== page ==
Forty-four House Republicans called for a special prosecutor to investigate the scandal surrounding Hillary Clinton’s use of a private e-mail server in a letter hand-delivered to Attorney General Loretta Lynch on Tuesday.
“Members of the military and intelligence communities have been — and continue to be — prosecuted for infractions potentially less egregious,” Representative Ron DeSantis (R., Fla.) said in a statement. “Secretary Clinton is not above the rule of law. It is critically important that this investigation is conducted impartially and that the decision to prosecute does not hinge on political considerations.”
DeSantis delivered the letter to Lynch at a House Judiciary Committee hearing which saw Republicans raise questions about political pressure being brought to bear on Department of Justice investigations. President Obama’s public statements on various probes, such as the targeting of Tea Party groups by the IRS and the FBI investigation of Clinton’s e-mail scandal.
Obama defended Clinton’s use of a private server for all of her government work in an October interview. “I don’t think it posed a national security problem,” he told CBS. “This is not a situation in which America’s national security was endangered.”
#share#Even before that statement, GOP lawmakers and conservative activists had spent months calling for a special prosecutor to be appointed to Clinton’s case. “Democrat political appointees at the Justice Department cannot be expected to thoroughly investigate a person who may turn out to be the Democrat nominee for President of the United States,” David Bossie of Citizens United, which first called for the special prosecutor in July, said in a statement Tuesday. “Furthermore, Attorney General Lynch has a personal conflict of interest in this matter since President Bill Clinton appointed her United States Attorney in 1999.”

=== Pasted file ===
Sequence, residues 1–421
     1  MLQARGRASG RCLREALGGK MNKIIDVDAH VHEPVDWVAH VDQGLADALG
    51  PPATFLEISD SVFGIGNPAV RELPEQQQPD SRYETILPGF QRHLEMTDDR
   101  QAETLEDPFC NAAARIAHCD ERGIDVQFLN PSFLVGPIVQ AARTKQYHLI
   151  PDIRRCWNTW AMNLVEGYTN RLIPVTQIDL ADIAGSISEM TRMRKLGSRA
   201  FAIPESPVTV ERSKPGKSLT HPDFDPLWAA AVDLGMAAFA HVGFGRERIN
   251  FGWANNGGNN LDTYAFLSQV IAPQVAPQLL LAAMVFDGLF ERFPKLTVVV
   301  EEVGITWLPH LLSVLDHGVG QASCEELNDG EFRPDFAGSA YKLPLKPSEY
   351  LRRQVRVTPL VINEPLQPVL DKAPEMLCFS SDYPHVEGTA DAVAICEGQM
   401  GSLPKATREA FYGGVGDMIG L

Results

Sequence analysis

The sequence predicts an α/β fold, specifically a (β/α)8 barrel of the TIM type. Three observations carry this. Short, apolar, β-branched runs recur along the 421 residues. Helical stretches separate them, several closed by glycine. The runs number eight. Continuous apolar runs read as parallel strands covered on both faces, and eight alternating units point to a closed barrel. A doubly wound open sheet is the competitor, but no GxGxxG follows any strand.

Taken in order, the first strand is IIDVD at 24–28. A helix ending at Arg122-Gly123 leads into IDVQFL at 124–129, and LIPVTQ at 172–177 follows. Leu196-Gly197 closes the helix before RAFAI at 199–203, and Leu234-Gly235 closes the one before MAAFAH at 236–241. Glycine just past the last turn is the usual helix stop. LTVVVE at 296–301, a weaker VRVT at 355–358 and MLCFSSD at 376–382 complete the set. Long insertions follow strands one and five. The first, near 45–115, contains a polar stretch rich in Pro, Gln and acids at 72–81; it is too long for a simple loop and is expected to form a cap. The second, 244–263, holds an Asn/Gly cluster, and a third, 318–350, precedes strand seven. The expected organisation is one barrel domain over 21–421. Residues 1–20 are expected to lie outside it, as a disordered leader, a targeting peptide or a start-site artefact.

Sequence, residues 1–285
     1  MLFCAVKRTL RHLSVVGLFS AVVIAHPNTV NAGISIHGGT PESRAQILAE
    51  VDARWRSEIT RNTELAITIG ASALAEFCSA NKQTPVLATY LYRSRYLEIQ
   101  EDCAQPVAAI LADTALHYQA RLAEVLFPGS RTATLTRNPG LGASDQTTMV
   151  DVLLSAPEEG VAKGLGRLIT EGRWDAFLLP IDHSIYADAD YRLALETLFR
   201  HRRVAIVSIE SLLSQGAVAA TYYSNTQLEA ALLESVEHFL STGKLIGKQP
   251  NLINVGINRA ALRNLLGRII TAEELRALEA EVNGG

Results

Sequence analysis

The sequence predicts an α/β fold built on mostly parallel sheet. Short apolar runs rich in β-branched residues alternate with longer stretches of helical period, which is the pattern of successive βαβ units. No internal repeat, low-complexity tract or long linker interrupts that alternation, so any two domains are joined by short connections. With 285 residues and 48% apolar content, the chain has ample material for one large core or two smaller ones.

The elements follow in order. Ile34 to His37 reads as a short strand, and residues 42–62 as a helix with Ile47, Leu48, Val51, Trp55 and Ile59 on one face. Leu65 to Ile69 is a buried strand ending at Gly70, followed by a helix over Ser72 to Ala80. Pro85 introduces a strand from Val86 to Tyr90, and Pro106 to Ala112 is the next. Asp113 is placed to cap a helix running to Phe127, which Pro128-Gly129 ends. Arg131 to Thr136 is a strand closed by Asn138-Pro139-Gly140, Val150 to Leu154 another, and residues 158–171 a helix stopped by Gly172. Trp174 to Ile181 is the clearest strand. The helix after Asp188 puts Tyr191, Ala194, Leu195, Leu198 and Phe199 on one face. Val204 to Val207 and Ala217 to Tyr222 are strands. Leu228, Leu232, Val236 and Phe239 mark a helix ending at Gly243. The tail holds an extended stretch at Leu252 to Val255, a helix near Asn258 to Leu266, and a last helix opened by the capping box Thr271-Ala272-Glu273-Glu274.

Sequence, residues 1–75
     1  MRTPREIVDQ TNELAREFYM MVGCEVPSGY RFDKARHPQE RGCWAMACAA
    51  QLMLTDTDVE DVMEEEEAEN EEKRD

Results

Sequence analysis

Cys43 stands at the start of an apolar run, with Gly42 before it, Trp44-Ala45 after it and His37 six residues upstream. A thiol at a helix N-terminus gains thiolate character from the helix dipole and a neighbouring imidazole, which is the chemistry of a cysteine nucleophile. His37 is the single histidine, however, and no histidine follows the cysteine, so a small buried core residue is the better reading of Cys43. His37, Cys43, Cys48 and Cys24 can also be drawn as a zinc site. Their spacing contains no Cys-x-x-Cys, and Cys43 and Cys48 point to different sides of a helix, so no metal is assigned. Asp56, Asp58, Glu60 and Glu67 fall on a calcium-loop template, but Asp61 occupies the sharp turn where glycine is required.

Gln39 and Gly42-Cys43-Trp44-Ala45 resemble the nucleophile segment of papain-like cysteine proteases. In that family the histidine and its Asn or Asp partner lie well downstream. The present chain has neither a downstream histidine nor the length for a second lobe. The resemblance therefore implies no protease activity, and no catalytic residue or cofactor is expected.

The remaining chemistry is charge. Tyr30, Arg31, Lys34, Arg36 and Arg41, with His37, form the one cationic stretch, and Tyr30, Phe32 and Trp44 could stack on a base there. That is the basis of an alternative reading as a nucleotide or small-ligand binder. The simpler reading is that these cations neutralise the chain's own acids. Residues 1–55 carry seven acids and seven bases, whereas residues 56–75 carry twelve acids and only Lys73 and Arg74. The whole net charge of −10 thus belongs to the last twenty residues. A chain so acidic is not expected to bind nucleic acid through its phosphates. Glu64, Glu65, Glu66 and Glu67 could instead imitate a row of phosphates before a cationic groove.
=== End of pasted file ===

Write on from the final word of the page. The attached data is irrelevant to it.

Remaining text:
Lynch promised that Obama’s comments would have no influence on the outcome of the investigation. “We take all the appropriate steps in every matter that we review,” she told House Judiciary Committee chairman Bob Goodlatte Tuesday. “That is how we will essentially manage every matter under our purview, whether it relates to the IRS, to an e-mail matter or every matter that comes before us. And with respect to the president’s comments, they have no influence or bearing on how the department manages these matters, and I would have to refer you to him for a review of those.”
#related#Representative Trey Gowdy (R., S.C.) allowed that Lynch and FBI Director James Comey might not be swayed by Obama’s comments, but insisted that they are damaging nonetheless. “I promise you, it impacts the perception of my fellow citizens when the person who is responsible for executing the laws in this country prejudges the outcome of investigations,” Gowdy told Lynch. “It may not impact the reality, but I promise you it impacts the perceptions, and that’s equally dangerous.”
It’s not the first time that Obama has been criticized for commenting on ongoing investigations. A military-court judge ruled that he exerted “unlawful command influence” in 2013 by enumerating the punishments that he wants meted out to service-members convicted of sexual assault.
— Joel Gehrke is a political reporter for National Review.